Should the progressive movement become pro-life?

Blind spots. We’ve all got them. Some, for example, believe their singing voice to be a divine blessing although it might more accurately be described as a curse. Others assume their Facebook friends want to see their every meal. Still others ignore that they do, in reality, need deodorant.

Not all blind spots are this trite, however. History makes that much clear.

Alabama is, unfortunately, host to one of the most obvious and horrid of blind spots: the slavery of the Antebellum South. The fact that many slave-owners were faithful church-goers, Sunday school teachers, and reputable members of the community ought to remind us of how even the most evident evils can be hidden from our moral view.

Historical blind spots aren’t limited to Alabama, of course. Worldwide aversion to women’s right to vote, German justification for the Holocaust, and even the Pharisaical rejection of Jesus are examples of blind spots in both recent and distant past.

The common thread of a moral blind spot, it seems, is this: generally decent people, earnestly desiring to know and act on what is right, completely missing it.

That’s the thing about blind spots. We miss them. By their nature we are ignorant of their existence. That means that, without someone pointing them out, I won’t know mine and you won’t know yours.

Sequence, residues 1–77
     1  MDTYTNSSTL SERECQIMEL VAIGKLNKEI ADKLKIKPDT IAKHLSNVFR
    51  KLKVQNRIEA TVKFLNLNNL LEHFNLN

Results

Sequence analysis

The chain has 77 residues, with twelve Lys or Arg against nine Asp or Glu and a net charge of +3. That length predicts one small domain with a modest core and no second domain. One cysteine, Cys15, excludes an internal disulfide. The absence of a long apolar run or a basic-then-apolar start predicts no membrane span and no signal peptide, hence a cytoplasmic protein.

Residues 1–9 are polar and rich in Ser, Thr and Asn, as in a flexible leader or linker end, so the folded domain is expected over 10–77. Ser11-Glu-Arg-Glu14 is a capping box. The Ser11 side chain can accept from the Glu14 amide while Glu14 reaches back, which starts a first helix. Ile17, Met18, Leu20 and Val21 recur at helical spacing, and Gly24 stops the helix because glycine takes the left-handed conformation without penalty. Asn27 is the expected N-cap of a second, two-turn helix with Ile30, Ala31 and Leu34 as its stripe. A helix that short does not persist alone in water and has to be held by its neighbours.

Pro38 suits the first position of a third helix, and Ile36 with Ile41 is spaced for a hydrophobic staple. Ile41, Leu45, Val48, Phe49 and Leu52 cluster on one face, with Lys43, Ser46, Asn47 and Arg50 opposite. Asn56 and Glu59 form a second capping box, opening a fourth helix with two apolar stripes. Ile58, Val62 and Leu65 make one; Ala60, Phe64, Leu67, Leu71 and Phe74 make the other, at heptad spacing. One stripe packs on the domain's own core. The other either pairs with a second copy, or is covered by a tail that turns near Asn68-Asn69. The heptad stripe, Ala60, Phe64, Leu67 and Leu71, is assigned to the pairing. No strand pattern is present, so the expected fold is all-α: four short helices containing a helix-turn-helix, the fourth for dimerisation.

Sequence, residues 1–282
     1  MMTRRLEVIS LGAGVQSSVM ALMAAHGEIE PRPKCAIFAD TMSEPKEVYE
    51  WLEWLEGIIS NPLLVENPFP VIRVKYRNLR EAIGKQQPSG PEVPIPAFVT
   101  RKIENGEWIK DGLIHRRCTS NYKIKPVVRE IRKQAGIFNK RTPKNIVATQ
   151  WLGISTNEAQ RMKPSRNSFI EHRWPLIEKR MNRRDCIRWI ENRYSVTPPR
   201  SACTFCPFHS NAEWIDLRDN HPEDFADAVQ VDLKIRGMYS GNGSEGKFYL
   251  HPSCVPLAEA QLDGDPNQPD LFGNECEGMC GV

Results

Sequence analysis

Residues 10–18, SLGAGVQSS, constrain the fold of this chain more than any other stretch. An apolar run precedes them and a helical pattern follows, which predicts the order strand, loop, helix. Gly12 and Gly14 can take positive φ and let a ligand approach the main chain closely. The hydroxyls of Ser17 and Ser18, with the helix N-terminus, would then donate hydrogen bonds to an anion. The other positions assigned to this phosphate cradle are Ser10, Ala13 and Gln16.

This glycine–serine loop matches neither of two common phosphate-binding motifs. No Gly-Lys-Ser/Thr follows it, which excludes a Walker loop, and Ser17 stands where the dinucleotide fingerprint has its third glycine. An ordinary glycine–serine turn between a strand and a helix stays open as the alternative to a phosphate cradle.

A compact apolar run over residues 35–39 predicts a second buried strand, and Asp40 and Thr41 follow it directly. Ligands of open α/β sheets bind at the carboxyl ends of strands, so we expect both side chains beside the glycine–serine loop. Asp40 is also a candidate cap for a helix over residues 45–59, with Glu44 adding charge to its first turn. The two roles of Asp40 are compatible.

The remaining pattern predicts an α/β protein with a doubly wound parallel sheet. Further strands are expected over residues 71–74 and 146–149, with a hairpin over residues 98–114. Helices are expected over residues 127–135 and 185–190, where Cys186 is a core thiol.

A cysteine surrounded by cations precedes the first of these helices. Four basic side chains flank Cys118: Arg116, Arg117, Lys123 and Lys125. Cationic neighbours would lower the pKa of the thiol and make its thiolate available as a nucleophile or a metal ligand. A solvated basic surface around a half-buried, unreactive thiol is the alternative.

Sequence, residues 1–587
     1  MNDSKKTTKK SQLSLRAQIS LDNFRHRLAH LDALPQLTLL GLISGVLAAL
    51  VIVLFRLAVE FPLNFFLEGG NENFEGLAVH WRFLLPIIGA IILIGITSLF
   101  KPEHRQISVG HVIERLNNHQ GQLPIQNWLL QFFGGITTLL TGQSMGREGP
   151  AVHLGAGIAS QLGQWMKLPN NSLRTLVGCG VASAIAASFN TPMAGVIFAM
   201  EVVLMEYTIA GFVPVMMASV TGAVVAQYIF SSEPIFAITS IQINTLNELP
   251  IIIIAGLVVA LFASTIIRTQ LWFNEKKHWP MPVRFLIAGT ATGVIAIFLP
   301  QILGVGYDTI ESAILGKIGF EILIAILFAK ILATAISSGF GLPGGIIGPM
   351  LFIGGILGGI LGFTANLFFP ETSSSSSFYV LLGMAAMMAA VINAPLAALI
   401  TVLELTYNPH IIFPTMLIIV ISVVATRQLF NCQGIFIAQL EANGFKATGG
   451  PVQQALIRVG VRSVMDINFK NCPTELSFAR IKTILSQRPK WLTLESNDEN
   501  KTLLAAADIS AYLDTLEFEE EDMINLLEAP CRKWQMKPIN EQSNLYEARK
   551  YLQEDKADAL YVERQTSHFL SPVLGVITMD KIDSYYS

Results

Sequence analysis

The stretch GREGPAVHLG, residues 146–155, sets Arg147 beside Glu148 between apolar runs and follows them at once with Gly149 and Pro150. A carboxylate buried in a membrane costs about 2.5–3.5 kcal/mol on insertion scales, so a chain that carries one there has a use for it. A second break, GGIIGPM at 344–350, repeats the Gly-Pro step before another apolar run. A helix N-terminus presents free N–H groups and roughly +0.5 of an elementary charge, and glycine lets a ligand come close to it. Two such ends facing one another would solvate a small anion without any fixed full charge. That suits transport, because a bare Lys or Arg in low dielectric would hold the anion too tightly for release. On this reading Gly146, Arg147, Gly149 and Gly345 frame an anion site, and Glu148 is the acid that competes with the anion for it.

Illuminating these blind spots is a compassionate and worthwhile goal––as long as we are open to confronting our own blurs in vision.

Knowing this, we are obligated to point out a major blind spot in the progressive movement: the endorsement of abortion.

The progressive movement has prided itself on its support for the historically marginalized and voiceless: women, immigrants, African Americans, etc. There is a real care, a genuine passion, within their ranks to right wrongs that should be encouraging to us all. They desire justice and fairness and, although we may not agree when it comes to the raw policy, that desire should be applauded.

When it comes to the most voiceless population, the unborn, the progressive movement fails. Strangely enough, the very rhetoric they decry when levied against minorities is used to justify the killing of yet-to-be-born human beings.

In some ways, it makes sense that this blind spot exists within the progressive movement. The battle to ensure women’s voting rights was hard-fought and one that progressives have not forgotten. There is, unfortunately, a lingering suspicion that this battle continues––that men want to control women in whatever ways possible. This suspicion, it seems, has led to an overcorrection in which attempts to eliminate abortion are perceived as anti-women instead of pro-child.